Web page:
Plautilla Nelli: #TheFirstLast

Detail from Last Supper by Plautilla Nelli
Detail from the “Last Supper” by Plautilla Nelli

Female Artist, from the 1500’s…

Not ringing any bells?

At one time, she was a household name in Florence, a powerhouse of energy and passion, and one of the principle breadwinners for her convent.

Still nothing?

This is what the Florence-based non-profit “Advancing Women Artists Foundation” (AWA) want you to help them change. The restoration of Plautilla Nelli’s Last Supper (from the 1570’s), one of the most important paintings in the history of art by a woman, is how they plan on giving this “invisible” woman and you a voice in history.  And you won’t even need to come to Italy to do it.

Give Nelli a Voice in History

Saving Suor Plautilla Nelli

Never heard of her, right? Her name is a mouthful to be sure: Plautilla Nelli.

And so is her historic legacy as a 16th century painter and the first known female artist from Florence!

We are talking about a nun who during her lifetime established an artistic workshop in her convent and a production line operation creating holy image paintings that hung in (almost) every household. I say almost, because some were just a bit too large to fit inside a house: for example, the 7 meter long, 2 meter high Last Supper which is under restoration at this very moment by AWA.

The first, and possibly only, representation of a Last Supper by a female hand in the 16th century. With a length of 21 feet, it is also the largest painting ever authored by an early woman artist.

21 feet long, the Last Supper by Plautilla Nelli in Florence Tuscany
21 feet long, Nelli’s “The Last Supper”

Operation name: #TheFirstLast

This is where you come into play! No matter how far away you may be from the city of Florence, you are all encouraged to contribute to the restoration and unveiling of Nelli’s Last Supper through a crowdfunding initiative on IndieGoGo which is gathering funds up until April 16th, 2017.  The funds will be used to finish the restoration!

Saving paintings like these from certain destruction and building on their historic legacy are the AWA foundation’s way of giving women a public identity and rescuing them from anonymity. Linda Falcone, the Italian based director of AWA, acknowledged that though this might be seen as an unorthodox approach, it was an inevitable next step to their mission as a non-profit agency: public participation.

People, lots of people, are always asking how they can help, how they can become involved in saving these paintings and exposing hidden treasures. This is one way. – Linda Falcone

Plautilla Nelli: TheFirstLast in Florence Tuscany

Mass Participation & “Sharing”

The mission of AWA is not just to save artwork and to promote women artists, but also to give the public the possibility to participate in these types of projects.  Everyone can be part of creating a new identity for women by restoring these paintings and maybe even, rewriting art history where women artists have long been invisible.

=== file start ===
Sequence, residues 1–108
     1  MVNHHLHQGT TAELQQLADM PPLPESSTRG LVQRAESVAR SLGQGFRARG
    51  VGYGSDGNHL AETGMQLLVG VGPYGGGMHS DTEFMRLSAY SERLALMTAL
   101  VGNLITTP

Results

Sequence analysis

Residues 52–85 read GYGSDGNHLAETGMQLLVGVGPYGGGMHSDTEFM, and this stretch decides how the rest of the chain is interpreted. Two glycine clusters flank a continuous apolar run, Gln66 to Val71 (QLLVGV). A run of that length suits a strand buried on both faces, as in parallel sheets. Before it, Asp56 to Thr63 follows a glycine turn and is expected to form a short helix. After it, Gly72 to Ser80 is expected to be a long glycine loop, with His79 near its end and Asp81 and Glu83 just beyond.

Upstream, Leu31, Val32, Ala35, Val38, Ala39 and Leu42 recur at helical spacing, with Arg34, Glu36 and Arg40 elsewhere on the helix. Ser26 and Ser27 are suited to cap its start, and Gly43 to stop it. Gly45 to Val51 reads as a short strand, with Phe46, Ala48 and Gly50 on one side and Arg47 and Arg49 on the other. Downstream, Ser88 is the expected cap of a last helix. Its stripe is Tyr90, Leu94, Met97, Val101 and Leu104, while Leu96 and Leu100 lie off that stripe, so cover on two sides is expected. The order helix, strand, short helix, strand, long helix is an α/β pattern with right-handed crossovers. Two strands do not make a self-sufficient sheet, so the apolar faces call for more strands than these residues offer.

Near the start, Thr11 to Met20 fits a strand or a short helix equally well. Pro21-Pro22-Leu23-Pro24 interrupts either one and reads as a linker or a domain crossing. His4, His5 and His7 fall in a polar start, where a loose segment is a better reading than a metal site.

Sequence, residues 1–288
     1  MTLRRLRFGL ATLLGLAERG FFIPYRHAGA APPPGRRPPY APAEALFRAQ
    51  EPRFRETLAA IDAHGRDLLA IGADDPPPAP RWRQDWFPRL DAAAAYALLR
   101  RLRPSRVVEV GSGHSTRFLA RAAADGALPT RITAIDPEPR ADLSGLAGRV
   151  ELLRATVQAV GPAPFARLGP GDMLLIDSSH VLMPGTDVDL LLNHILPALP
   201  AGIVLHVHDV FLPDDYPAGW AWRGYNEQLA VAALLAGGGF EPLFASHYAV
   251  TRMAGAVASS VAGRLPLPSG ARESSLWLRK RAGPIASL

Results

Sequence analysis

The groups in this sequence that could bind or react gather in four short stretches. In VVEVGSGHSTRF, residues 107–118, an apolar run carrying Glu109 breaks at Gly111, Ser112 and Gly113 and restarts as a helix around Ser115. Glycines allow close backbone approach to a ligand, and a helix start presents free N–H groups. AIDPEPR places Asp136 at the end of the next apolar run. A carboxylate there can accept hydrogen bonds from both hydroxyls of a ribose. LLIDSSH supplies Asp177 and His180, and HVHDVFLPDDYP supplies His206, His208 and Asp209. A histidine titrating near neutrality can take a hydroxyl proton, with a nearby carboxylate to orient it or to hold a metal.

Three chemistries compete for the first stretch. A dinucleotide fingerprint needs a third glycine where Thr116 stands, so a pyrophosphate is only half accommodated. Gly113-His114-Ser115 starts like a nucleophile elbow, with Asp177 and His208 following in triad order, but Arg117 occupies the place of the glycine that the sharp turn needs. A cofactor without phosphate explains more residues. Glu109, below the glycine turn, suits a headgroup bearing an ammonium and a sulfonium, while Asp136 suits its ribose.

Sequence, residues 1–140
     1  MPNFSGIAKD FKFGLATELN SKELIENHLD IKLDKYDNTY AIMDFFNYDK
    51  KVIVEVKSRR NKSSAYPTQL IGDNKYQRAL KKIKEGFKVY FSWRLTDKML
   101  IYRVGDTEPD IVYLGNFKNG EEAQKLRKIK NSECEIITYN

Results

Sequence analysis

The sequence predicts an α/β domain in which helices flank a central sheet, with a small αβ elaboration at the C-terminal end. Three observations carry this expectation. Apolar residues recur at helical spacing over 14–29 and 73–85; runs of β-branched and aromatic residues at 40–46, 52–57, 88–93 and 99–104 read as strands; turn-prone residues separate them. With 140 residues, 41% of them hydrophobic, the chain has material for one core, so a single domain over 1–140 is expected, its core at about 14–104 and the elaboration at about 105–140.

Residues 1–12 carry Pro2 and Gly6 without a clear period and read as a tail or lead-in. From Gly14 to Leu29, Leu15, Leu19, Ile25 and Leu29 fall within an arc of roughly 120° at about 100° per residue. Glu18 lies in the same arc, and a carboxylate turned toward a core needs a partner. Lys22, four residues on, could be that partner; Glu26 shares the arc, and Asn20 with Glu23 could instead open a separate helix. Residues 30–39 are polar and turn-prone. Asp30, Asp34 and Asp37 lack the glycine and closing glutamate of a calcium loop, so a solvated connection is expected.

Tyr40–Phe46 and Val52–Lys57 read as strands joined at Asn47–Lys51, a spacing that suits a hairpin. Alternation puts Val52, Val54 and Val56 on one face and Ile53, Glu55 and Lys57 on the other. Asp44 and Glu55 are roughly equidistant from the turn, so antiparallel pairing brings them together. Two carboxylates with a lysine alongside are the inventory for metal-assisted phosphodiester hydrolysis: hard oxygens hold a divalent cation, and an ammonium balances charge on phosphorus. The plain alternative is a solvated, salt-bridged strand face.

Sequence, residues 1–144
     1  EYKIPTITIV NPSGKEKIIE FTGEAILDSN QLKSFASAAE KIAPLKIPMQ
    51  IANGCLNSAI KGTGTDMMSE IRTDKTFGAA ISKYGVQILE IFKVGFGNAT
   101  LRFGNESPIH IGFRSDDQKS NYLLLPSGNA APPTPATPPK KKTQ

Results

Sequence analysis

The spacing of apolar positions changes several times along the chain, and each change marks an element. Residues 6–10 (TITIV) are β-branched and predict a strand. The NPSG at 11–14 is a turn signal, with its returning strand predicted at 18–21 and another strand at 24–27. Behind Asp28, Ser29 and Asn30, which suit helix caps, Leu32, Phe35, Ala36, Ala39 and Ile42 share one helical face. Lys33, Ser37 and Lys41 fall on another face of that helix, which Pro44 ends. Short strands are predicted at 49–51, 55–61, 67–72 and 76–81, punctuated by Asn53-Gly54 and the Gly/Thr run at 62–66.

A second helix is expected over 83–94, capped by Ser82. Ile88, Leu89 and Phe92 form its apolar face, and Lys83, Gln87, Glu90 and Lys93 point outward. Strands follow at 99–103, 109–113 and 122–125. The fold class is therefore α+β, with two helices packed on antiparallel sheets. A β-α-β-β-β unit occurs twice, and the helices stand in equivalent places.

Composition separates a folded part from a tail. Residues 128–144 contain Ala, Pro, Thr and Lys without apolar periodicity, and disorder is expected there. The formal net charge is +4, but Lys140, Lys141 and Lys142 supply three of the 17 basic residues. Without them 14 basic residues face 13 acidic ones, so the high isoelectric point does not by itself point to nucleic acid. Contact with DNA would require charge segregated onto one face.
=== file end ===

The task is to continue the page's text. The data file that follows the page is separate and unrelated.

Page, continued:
For the first time ever, they are using an online crowdfunding event to give the public a chance to participate and be heard. Linda emphasized that the IndieGoGo platform offers a secure way to contribute any amount, starting with just $5 (wait, that’s not all) and there are special “perks” for every contribution.


Linda also reminded me you can always give by sharing.  Share the crowdfunding link above with others so that Nelli’s voice can be heard (and her work’s incredible colors be seen), from the Arno River in Florence to the Amazon in Brazil, the Mississippi River in the United States, the Congo in Africa and Yangtze in China as people all over the world discover this Renaissance-era woman painter. She encourages everyone to bring about a change and give women a voice in history, and art history in particular.

Essentially, this is an opportunity to rewrite the history books! And in so many ways. With the untiring efforts of Jane Fortune, founder of  the Advancing Women Artists Foundation, the members of the AWA foundation, communications support of local Flod agency and the international community, an extremely talented early Renaissance female painter is about to make her “modern day” debut in a very big way.

Give Nelli a Voice in History, Contribute Here

Before/after restoration detail for Plautilla Nelli
Before/After restoration detail in a part of Nelli’s Last Supper currently under restoration

Nelli at the Uffizi

Suor Platilla Nelli will also be rediscovered this year through a very special exhibition about to open on March 8 to coincide with International Women’s Day running through June 4: “Plautilla Nelli: Convent Art and Devotion in the Footsteps of Savonarola”. So if you’re going to be in Florence this spring and are curious to learn more about Florence’s first-known female Renaissance artist, make sure to stop to visit this exhibition! We recommend you book your Uffizi tickets ahead of time too.